Elder Members Aren’t the Only Ones to Retire
The usual way to identify potential House retirements is to pick out the oldest members of each caucus. But that strategy misses an entire crop of potential exits, because the most senior members aren’t the only ones to call it quits.
When 88-year-old Michigan Democrat John D. Dingell retired from the House last year, after 29 terms, he didn’t catch a lot of people by surprise. New York Democrat Charles B. Rangel, 84, announced before the last election that this term, his 23rd, will be his last. And the only thing surprising about 77-year-old California Democrat Lois Capps’ retirement announcement last week was that it didn’t come sooner. Predicting which members might head for the exits for reasons other than age is much more difficult.
Over the past four Congresses, dating back to 2008, nearly as many members in their 50s (23) retired as those in their 70s (25), according to a CQ Roll Call analysis. Thirty-four of the 93 House members who retired during that span were in their 60s.
There are myriad reasons members choose to retire: a lack of opportunity to move up the leadership or committee ladder, partisanship of a district that leads to consistently tough re-election races, ethical screw-ups, being stuck in the minority, or feeling ideologically alienated in his or her own caucus.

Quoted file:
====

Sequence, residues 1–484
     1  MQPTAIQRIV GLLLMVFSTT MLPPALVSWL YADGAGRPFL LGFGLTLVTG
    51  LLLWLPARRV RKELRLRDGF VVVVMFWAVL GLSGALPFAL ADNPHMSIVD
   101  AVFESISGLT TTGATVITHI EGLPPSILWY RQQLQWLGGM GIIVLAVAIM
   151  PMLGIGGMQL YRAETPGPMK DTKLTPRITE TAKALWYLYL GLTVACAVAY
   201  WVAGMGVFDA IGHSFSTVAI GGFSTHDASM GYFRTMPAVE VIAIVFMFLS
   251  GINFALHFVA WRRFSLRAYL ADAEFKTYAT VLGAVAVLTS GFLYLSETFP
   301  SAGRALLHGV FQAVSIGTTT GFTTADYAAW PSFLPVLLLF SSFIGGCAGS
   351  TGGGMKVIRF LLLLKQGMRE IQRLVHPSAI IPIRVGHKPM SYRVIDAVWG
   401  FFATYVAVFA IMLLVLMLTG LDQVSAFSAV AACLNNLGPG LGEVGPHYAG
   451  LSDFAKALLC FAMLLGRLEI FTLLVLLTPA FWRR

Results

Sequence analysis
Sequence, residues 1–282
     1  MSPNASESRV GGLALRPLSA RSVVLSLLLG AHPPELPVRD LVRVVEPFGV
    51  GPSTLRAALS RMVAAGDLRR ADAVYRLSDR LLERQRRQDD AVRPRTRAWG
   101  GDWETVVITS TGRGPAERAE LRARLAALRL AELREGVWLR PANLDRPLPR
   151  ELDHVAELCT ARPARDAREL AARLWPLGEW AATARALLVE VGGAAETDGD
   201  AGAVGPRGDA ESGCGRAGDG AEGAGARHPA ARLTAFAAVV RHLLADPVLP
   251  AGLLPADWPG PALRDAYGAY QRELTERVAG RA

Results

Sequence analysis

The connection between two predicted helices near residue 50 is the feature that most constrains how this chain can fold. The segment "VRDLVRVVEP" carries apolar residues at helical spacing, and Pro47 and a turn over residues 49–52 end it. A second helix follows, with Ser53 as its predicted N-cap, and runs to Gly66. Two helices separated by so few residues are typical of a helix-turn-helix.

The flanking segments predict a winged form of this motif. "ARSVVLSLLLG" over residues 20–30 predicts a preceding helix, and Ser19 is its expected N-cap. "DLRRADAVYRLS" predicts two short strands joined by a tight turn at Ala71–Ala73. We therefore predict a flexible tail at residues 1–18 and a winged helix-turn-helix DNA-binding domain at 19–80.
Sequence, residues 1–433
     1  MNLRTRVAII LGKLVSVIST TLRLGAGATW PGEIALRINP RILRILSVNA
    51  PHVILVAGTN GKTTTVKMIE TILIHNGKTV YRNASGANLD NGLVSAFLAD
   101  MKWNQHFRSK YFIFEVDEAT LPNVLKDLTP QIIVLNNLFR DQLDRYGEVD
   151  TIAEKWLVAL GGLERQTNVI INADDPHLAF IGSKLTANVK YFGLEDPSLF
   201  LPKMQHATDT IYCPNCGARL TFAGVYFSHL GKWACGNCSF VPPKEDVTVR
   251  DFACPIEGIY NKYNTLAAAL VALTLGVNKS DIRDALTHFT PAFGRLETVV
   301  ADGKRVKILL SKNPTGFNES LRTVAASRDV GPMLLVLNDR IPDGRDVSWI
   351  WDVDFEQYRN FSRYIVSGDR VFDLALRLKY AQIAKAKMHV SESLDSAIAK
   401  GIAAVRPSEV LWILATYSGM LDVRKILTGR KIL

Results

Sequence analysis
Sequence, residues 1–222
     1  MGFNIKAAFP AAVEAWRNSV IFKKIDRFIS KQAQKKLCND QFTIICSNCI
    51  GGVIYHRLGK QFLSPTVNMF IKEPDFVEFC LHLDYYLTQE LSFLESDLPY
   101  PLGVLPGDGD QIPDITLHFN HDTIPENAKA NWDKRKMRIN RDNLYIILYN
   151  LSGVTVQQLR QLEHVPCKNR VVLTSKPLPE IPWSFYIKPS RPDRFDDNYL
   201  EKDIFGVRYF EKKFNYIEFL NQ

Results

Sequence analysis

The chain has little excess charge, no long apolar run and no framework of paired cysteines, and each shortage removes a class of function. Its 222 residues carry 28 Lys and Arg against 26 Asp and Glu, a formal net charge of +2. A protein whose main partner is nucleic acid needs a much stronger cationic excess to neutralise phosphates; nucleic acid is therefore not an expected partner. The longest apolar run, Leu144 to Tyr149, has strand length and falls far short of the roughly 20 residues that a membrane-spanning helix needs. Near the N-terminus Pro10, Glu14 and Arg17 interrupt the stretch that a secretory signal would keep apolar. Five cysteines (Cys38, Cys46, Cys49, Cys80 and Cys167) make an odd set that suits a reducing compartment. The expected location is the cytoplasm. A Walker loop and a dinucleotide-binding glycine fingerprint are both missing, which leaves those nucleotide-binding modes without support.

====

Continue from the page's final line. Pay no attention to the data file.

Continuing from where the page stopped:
Members may also leave the Hill to cash in and pad their retirement accounts. More than 100 former members are registered lobbyists, according to the Center for Responsive Politics .
There are even more potential reasons for leaving. Pennsylvania Rep. Michael G. Fitzpatrick, 51, is leaving after this Congress because of a self-imposed four-term limit. New York Rep. Chris Gibson, 50, shocked everyone by announcing his retirement after only three terms; he apparently has his eye on running for governor in 2018 and believes leaving now is his best next step.
Over the past eight years, the most common tenure of House service before retirement is between six and 10 terms, making Gibson and Fitzpatrick the exceptions rather than the rule.
Using the past four cycles as a guide, those putting together retirement watch lists should at least glance at members between the ages of 58 and 65 who have served between six and 10 terms, because exiting representatives often fit within those parameters.
For example, Michigan Rep. Candice S. Miller announced her retirement in March. The 60-year-old Republican is in her seventh term and fits neatly into the target ranges.
Right now, the average member of Congress is 57 years old and starting his or her fifth term.
For a list of nearly three-dozen members who fit the age and tenure parameters of recent, common retirements, as well as comments from former National Republican Congressional Committee Chairman Tom Reynolds, read “Looking for Retirements in All the Wrong Places ” in the March 20 issue of the Rothenberg & Gonzales Political Report .
While nailing down specifically who will retire can be difficult, we know from history that more retirements are on the way. Thus far, just five House members have announced they will not seek re-election or another office. From 1976 to 2014, the average number of House retirements per cycle was 22.
Jay Hunter contributed to this report.
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